The tree with split personalities
u200bAvocado trees have many of the characteristics found in softwoods and hardwoods, and both botanical sexes as well!

Who hasn't attempted to sprout an avocado seed and nurture it to maturity? Unless you happen to live in a region of consistent tropical warmth—or you have a green thumb—it's doubtful that your would-be tree ever reached its mature size of 20-30'. If it did, you would have witnessed fascinating dichotomies.

To begin with, the avocado botanically classifies as a fruit, although we think of it as a vegetable. And, while most plants produce flowers that are either male, female, or both at once, the avocado's blooms begin as male in the morning, and then turn female in the afternoon!

If its dual gender doesn't present enough confusion, botanists also classify the avocado (Persea americana) as deciduous and evergreen. That's because the avocado sheds its leaves once a year like a hardwood—but not until the season's new crop of leaves emerge. Therefore, like a conifer, the tree appears always green.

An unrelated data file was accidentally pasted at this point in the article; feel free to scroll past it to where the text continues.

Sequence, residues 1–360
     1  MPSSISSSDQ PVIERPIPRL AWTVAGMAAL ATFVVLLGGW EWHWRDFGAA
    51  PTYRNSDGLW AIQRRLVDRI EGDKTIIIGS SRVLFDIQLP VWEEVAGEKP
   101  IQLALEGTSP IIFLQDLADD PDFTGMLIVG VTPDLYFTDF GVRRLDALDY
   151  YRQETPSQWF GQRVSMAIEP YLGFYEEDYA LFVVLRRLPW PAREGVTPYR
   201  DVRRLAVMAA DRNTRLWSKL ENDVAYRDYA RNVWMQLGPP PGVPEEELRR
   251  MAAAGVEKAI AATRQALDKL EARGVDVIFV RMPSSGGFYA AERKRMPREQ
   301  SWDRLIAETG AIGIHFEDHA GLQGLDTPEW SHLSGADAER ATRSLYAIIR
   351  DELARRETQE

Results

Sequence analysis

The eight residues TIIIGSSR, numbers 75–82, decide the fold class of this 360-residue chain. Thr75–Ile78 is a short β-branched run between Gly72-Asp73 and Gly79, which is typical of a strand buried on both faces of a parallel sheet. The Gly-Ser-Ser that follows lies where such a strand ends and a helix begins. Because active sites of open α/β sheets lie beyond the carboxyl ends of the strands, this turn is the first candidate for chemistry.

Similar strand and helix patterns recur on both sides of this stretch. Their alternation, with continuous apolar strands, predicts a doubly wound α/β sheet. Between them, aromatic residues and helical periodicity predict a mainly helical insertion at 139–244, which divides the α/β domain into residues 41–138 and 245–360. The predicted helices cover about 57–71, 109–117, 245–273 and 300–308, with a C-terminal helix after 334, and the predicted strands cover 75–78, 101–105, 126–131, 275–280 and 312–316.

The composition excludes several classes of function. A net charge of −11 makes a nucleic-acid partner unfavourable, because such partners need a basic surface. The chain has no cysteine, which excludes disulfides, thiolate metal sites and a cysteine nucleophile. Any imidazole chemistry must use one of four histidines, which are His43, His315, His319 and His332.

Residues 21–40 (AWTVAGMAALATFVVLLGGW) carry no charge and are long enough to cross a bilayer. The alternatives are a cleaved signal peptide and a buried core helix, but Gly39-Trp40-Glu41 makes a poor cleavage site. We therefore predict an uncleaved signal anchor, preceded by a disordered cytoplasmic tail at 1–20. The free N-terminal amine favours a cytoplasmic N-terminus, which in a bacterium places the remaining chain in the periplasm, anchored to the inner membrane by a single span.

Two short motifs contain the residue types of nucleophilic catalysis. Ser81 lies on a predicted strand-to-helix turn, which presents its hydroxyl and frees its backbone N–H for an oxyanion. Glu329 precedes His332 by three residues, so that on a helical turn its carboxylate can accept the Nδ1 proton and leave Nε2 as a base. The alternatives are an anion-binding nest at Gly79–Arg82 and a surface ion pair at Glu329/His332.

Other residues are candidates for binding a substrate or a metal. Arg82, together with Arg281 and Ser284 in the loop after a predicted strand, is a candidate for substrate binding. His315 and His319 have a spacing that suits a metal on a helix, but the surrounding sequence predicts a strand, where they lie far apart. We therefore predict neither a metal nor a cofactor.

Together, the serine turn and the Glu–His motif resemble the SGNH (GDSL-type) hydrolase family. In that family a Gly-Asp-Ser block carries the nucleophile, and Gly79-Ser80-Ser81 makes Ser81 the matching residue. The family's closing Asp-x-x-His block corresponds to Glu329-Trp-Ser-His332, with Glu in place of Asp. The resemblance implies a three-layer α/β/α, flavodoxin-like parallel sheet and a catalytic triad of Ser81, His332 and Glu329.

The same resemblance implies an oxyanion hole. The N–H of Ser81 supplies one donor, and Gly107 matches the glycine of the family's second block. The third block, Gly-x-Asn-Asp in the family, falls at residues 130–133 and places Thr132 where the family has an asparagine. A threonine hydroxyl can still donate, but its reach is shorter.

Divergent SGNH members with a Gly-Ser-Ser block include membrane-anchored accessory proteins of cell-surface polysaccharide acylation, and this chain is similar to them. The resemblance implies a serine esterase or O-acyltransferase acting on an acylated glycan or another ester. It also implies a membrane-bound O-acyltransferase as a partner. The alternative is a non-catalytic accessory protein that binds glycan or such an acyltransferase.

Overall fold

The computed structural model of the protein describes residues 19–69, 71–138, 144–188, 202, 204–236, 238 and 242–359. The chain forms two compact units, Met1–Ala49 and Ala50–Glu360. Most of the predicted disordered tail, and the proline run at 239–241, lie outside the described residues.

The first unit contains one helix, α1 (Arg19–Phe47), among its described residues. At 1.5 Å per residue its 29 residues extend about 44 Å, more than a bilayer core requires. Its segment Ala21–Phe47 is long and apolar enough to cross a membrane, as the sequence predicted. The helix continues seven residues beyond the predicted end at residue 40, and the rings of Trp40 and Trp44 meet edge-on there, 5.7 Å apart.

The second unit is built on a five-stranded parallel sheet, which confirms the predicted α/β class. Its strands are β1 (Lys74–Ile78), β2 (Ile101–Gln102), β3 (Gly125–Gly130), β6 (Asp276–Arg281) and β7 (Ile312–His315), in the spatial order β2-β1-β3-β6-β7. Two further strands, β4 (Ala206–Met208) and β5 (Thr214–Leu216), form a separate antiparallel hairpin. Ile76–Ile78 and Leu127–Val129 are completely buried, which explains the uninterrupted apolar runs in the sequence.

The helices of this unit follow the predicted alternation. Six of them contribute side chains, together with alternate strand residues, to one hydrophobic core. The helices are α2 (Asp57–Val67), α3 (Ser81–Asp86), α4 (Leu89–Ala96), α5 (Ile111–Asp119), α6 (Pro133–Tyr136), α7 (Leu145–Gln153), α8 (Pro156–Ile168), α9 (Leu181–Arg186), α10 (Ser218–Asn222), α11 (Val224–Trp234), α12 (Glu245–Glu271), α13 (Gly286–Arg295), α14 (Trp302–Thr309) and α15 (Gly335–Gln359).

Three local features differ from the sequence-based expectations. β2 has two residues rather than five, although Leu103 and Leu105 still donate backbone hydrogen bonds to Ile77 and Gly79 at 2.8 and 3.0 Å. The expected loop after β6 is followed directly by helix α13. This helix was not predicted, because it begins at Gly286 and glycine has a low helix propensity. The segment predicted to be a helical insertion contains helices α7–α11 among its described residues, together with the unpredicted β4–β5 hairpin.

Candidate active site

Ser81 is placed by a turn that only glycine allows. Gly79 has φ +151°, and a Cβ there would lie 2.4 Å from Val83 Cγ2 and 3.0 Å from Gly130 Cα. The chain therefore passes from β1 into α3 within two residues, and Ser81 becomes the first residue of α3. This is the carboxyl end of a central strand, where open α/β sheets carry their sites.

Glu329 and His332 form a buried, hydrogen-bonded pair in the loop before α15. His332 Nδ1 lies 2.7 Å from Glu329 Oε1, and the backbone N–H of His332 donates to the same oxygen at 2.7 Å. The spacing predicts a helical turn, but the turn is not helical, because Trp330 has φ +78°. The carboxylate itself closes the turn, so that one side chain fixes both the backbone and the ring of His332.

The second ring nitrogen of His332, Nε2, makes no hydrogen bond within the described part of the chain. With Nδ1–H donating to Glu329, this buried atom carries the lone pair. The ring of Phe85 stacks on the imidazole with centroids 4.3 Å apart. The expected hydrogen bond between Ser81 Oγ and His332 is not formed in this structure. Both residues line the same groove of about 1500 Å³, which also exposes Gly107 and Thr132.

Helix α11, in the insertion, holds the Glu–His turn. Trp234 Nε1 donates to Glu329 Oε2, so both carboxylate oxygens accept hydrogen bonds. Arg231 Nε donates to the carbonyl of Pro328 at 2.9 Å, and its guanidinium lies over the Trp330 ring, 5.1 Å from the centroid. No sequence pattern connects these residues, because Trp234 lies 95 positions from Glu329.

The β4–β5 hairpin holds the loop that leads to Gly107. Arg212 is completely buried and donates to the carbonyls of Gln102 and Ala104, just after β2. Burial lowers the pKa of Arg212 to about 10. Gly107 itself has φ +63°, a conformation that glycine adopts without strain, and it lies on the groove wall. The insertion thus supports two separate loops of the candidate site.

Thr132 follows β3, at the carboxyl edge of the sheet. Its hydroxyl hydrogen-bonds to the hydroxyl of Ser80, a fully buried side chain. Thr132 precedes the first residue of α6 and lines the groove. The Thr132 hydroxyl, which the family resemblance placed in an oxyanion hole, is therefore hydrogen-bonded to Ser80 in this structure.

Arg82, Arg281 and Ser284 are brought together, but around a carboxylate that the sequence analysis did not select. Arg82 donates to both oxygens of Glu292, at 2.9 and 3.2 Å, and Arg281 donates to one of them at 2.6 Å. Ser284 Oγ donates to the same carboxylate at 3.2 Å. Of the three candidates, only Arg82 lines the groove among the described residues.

A cousin to the camphor tree (providing both cinnamon and camphor), as well as the sassafras, bay laurel, and nutmeg, the avocado bears fruit at various intervals, thereby producing a continual supply. In fact, a healthy, adult avocado tree may produce up to 500 fruits annually during its 50-year lifetime. But when a tree ceases to bear fruit, its rather ugly, grayish-brown wood normally does not begin another useful life as woodworking stock. True, avocado was once tested and found to be an excellent replacement for spruce in guitar and violin sounding boards, but the supply was irregular and limited. So now only local carvers benefit from the easily worked wood.

Illustration: Jim Stevenson